Academic Freedom in Brazil

A Fi 2020 Brazil Case Study
A view including the former rectory building at the University of São Paulo. Source: Rafael Croffi / Flickr
Conrado Hübner Mendes, Adriane Sanctis de Brito, Bruna Angotti, Fernando Romani Sales, Luciana Silva Reis, Natalia Pires de Vasconcelos
01 Sep 2020

Freedom of expression, freedom of thought, freedom to teach and to learn, and university autonomy are all rights protected by the constitution in Brazil. But a closer look at the state of academic freedom in the country reveals that these constitutional rights are under threat. In recent years, the political climate has strained ideas and ideologies, and Brazil’s deeply polarized politics have aggravated pre-existing problems in the regulation and governance of higher education.

Top-down measures from the Brazilian government, administered through legal, institutional channels and combined with constant discursive attacks, have created an increasingly hostile environment for academics, who constitute a significant opposition group to the federal government. Threats to academic freedom include significant budget cuts and freezes; judicial orders censoring political debates on campuses; reporting channels for political and ideological complaints; new laws and interpretations affecting institutional governance; and false statements about the academic community and scholarship as a whole. Resonating with and amplifying some of these threats, certain groups made up of both academics and non-academics have accused universities of promoting leftist indoctrination” and are pushing for restrictions on certain content in curricula and classes.

Thus far, scholars have successfully resisted certain key measures through publications, networking and advocacy. However, graver threats to academia seem to be underway in recently inaugurated government measures to increase institutional control over universities. Today, the efficacy of constitutional protections of academic freedom depends in large part on judicial decisions – and consequently suffers from the weariness of the courts – as well as on constant civil society mobilization.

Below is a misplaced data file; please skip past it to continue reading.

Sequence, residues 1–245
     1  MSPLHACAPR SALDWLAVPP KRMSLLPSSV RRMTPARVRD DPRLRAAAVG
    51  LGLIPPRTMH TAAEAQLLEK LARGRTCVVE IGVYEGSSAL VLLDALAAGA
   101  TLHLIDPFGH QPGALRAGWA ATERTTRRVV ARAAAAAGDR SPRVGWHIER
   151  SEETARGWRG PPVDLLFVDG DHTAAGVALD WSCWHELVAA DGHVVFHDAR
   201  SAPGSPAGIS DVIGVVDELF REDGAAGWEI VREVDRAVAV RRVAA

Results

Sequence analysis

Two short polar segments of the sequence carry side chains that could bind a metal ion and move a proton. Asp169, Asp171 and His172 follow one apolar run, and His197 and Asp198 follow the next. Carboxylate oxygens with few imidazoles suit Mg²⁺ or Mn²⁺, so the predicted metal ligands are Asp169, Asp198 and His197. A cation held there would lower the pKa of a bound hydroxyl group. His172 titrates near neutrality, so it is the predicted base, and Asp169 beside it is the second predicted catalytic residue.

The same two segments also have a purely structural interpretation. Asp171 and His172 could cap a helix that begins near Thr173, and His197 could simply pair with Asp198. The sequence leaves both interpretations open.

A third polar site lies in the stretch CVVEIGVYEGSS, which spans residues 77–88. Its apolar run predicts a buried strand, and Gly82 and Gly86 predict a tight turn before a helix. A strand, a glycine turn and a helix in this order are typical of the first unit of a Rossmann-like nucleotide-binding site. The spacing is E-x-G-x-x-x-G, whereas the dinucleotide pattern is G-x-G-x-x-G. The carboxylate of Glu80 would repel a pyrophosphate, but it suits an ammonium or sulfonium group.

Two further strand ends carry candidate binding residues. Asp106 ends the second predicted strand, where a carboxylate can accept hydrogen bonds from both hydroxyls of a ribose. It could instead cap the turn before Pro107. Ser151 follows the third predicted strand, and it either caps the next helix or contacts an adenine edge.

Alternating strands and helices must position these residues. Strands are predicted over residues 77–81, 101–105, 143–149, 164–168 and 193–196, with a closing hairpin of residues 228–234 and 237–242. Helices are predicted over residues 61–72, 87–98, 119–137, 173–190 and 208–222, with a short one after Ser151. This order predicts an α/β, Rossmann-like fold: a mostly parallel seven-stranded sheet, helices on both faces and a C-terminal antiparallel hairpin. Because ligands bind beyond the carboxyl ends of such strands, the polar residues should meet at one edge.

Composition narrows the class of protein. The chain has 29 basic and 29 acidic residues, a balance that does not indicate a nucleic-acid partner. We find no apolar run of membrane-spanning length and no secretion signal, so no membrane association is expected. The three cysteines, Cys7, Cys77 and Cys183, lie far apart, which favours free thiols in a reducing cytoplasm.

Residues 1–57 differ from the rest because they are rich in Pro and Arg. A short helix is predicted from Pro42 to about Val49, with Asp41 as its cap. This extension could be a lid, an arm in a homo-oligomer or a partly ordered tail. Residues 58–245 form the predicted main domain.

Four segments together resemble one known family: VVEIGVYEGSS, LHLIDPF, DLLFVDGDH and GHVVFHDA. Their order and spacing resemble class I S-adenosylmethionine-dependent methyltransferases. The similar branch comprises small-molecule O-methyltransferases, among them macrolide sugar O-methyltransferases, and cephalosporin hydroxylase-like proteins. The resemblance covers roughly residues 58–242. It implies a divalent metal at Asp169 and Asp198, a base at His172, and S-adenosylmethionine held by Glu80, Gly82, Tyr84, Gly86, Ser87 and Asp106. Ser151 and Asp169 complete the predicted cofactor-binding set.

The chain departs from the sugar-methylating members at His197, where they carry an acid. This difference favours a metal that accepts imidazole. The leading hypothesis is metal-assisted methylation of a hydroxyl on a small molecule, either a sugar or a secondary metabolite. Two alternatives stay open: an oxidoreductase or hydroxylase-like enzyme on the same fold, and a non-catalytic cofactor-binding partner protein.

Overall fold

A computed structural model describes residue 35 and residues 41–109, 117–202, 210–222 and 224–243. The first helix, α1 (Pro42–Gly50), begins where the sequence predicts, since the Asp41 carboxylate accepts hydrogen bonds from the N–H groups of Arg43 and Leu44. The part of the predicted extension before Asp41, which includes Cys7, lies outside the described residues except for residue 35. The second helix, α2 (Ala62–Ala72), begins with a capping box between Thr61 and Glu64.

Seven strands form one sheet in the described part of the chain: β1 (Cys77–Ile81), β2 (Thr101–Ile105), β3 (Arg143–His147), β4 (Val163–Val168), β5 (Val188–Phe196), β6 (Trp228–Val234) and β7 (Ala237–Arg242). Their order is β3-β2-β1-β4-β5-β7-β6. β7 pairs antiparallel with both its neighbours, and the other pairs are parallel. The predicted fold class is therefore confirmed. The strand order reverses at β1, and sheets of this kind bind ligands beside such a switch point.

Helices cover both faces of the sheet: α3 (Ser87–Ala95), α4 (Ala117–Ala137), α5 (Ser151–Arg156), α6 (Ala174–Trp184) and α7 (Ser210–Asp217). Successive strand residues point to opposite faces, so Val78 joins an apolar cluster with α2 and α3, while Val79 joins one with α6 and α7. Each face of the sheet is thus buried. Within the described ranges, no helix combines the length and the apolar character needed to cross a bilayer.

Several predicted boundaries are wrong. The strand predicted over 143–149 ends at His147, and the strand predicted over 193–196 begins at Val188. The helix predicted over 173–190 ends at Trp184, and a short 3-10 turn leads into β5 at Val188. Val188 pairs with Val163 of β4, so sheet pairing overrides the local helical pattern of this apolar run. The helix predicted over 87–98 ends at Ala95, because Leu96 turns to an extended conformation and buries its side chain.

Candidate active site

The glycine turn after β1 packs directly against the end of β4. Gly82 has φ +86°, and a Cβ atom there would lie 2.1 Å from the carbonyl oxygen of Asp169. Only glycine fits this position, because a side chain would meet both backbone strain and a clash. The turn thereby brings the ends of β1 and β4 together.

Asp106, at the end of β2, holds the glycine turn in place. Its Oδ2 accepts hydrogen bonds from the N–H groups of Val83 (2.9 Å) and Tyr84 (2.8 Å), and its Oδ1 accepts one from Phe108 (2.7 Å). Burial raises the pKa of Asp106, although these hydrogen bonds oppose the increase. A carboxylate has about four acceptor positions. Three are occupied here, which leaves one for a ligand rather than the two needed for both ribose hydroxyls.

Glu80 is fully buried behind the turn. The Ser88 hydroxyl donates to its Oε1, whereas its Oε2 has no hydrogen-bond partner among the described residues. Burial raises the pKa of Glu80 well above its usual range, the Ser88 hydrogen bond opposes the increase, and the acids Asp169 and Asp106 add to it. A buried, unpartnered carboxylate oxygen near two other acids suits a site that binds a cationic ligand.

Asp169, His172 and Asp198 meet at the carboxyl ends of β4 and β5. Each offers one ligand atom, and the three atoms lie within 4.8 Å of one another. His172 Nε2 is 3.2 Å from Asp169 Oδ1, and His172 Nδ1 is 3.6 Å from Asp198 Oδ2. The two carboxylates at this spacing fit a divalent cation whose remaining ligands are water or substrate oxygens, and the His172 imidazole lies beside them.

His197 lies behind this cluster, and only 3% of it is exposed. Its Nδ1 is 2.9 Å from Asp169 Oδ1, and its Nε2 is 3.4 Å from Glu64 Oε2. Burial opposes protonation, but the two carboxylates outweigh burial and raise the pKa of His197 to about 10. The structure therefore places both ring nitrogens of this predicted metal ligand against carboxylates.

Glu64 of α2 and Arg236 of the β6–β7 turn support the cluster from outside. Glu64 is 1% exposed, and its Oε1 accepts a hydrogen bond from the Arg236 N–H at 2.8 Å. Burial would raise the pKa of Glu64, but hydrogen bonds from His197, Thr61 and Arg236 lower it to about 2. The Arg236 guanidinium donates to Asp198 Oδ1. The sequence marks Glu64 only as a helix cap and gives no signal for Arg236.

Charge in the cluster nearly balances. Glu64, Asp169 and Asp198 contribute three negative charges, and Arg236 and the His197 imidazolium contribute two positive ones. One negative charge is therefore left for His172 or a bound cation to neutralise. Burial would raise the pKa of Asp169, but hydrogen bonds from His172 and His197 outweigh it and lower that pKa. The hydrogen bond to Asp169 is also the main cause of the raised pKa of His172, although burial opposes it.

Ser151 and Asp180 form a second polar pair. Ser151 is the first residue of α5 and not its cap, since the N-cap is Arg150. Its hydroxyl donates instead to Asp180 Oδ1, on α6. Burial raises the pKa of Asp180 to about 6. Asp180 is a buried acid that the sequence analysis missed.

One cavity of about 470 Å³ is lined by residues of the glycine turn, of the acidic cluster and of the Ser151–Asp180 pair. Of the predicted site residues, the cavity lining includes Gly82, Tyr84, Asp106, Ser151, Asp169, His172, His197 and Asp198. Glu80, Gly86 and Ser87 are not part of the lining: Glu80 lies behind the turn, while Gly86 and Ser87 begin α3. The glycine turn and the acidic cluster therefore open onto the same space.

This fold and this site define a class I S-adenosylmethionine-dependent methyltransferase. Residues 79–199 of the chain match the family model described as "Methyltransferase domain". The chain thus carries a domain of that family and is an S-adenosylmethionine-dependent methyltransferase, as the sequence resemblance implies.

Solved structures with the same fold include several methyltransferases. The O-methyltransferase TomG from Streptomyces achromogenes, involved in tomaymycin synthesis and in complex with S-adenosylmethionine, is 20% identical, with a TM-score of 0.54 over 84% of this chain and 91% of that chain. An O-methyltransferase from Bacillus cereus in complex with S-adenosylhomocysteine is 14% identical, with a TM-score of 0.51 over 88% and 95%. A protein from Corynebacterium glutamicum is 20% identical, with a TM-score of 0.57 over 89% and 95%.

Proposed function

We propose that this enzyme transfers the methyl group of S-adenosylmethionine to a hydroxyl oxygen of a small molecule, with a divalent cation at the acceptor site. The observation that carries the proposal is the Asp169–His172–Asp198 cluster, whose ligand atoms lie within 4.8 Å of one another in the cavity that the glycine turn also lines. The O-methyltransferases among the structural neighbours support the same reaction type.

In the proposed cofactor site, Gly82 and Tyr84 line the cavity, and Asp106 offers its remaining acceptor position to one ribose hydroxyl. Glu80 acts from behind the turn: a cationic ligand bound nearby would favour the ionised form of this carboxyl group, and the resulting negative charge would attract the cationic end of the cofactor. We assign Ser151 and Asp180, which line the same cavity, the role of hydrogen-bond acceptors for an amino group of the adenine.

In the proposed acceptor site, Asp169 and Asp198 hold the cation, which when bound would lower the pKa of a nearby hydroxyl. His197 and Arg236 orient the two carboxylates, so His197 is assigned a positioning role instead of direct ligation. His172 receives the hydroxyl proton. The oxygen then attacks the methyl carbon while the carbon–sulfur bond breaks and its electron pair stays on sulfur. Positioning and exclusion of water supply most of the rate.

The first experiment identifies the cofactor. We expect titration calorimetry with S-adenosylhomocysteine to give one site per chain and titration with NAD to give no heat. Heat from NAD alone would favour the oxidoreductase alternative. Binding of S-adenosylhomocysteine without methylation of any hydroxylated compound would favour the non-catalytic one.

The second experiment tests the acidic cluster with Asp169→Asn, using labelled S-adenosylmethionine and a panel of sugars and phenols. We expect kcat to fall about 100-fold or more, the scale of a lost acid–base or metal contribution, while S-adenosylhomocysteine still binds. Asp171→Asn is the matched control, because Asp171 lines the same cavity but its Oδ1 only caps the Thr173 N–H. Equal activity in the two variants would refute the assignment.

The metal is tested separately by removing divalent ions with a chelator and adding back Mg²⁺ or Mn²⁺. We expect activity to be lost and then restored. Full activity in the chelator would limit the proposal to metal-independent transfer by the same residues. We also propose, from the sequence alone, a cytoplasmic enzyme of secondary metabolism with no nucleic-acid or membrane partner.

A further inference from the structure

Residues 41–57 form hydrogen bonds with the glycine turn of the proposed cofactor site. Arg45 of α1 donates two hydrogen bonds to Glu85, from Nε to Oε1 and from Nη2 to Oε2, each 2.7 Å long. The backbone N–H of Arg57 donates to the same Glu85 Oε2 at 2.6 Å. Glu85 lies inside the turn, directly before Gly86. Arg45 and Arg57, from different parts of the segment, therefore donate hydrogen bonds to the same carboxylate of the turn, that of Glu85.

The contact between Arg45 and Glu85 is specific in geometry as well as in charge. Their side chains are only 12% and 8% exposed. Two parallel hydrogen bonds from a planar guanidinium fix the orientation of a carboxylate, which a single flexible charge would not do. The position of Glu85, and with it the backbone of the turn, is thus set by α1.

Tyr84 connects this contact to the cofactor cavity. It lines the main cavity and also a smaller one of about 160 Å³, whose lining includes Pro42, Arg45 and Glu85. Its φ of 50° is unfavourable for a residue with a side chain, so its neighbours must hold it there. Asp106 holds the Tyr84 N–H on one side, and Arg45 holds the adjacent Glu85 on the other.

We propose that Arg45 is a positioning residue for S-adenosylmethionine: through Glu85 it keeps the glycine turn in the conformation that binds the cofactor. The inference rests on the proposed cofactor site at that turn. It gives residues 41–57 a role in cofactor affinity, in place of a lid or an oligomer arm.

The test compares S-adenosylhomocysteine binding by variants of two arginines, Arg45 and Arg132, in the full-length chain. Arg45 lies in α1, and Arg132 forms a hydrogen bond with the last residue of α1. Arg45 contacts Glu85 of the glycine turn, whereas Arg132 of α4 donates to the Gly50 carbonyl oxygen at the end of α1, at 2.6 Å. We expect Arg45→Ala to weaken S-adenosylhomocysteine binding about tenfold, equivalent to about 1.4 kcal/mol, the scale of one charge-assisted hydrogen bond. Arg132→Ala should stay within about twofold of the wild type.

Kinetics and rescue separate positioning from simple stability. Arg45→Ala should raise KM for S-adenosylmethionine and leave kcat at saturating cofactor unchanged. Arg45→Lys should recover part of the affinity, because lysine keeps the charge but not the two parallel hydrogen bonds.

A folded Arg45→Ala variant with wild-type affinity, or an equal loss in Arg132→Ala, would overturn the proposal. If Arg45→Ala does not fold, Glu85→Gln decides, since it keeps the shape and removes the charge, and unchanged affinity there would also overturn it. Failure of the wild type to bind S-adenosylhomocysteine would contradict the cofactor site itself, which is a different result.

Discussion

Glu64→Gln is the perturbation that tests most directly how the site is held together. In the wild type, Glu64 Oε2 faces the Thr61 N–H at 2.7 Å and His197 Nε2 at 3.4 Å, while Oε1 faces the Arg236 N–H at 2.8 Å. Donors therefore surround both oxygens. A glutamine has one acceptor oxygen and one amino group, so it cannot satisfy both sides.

This study was written on the basis of new research guidelines for country case studies on academic freedom developed as part of GPPi’s project on academic freedom assessments around the world. The authors are members of the Brazil-based Center for the Analysis of Liberty and Authoritarianism (LAUT). The research guidelines serve to inspire qualitative studies describing the current state of academic freedom and recent developments in individual countries and will soon be available for anyone to use as a template. The case studies are complemented by a global time-series dataset with five indicators of academic freedom and an Academic Freedom Index, developed by GPPi in partnership with the V‑Dem Institute, Friedrich-Alexander-University at Erlangen-Nürnberg, and Scholars at Risk.

The full study is available for download.

This study is part of the larger GPPi project on the state of academic freedom across the globe, and will be included in a forthcoming book alongside other country case studies and the underlying research guidelines. Learn more about the Academic Freedom project.